How to Find Merit Scholarships: Follow the Money

Keybaord with magnifying glass keyThere are 1,573 public and not-for-profit colleges with 500 or more full-time undergraduates.  Which of them are likely to give you merit scholarships? Unfortunately, there’s really no one right way to search for such colleges. After all, the college that provides a generous amount of merit scholarship to one student will deny it to another.

You need to figure out ways to increase your odds of receiving a merit scholarship. Of course, high grades and test scores make you a more appealing candidate but you improve your chances even more by being the appealing candidate for the right school. Targeting potential colleges is just as important as your personal qualifications.

Identifying colleges isn’t an exact science. The ten schools my son applied to offered him between $7,000 and $20,000 in merit scholarships. However, all but two offered at least $15,000, the minimum we were looking for to make a private school affordable. And he was very happy with his choices among the eight schools.

You are going to need to try different ways to narrow the over 1,500 schools to ones more likely to offer money and you’re interested in attending.

Since you have to start somewhere, you may as well begin by following the money. After all, you need money to be able to give it. In the DIY College Rankings College Search Spreadsheet, you can sort by the Endowment per Student. According to the latest available IPEDS information, the top five schools are:

 

Princeton

$1,891,913

Yale

$1,4203,691

Harvard

$1,103,930

Pomona

$951,712

Stanford

$920,646

 

When I do these kinds of sorts, I like to scroll down looking for a useful cut-off point for a manageable number of colleges to consider, usually somewhere around 200. In this case, the 200th school was Lewis & Clark College with $48,858 per student. So for the sake of nice, round numbers, I selected all schools with $45,000 or more endowment per student. This left 211 colleges and universities.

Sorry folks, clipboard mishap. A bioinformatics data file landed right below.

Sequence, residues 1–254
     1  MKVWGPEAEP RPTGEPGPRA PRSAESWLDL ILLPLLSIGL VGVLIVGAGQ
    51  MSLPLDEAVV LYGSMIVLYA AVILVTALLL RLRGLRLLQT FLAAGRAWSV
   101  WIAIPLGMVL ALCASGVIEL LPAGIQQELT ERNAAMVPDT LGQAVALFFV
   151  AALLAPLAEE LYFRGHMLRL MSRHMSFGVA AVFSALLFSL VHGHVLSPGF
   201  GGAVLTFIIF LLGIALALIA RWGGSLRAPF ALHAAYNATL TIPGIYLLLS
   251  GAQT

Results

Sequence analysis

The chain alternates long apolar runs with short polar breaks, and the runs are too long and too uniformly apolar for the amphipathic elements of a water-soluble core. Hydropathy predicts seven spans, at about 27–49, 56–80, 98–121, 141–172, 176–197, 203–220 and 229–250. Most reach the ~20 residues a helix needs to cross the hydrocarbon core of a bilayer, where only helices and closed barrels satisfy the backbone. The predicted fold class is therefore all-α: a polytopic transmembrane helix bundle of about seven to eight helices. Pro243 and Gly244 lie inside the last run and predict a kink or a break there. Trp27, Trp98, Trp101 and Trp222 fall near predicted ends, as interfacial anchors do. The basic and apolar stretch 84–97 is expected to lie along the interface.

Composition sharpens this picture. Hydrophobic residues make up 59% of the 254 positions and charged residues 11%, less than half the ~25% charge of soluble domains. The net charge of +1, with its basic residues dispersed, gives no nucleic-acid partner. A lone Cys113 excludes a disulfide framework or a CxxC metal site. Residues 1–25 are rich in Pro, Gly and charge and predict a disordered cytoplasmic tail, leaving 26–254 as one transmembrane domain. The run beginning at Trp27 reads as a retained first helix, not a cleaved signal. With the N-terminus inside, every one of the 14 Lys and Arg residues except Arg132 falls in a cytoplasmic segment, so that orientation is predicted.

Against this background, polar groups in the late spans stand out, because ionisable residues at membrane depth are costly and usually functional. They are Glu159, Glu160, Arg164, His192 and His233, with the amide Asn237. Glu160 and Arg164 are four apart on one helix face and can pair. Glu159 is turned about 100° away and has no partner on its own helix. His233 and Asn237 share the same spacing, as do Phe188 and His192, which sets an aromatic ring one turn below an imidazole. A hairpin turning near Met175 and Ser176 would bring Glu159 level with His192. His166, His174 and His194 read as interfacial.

You may think that 200 is far too many. It’s really not since it’s so easy to start reducing the numbers with just a few requirements. My next requirement is a 50% or better graduation rate. I use the four-year rate for private schools and the five-year rate for public schools. After applying this filter, 38 colleges dropped off the list. I guess money isn’t everything.

The next thing I looked at was acceptance rates. It doesn’t matter how much money a school gives away if you can’t get in. Furthermore, the more difficult it is to be admitted, the less likely a school is to provide merit scholarships. After all, they don’t really have to worry about attracting the best and the brightest, do they? So I set a 40% or better admitted requirement which left me with 99 schools.

I know 99 still sounds like a lot but we haven’t screened the schools for such basic considerations as size, location, or even majors. And even if the 99 schools are among the better endowed in the country, that doesn’t mean that they’re eager to give away their money. Trust me, 99 isn’t too many start with.

I have the schools selected so far in PDF format. The highlighted schools are the 99 left after applying the graduation and admission rate filters.

Next Week: How to figure out which schools are more likely to give to money and which aren’t.

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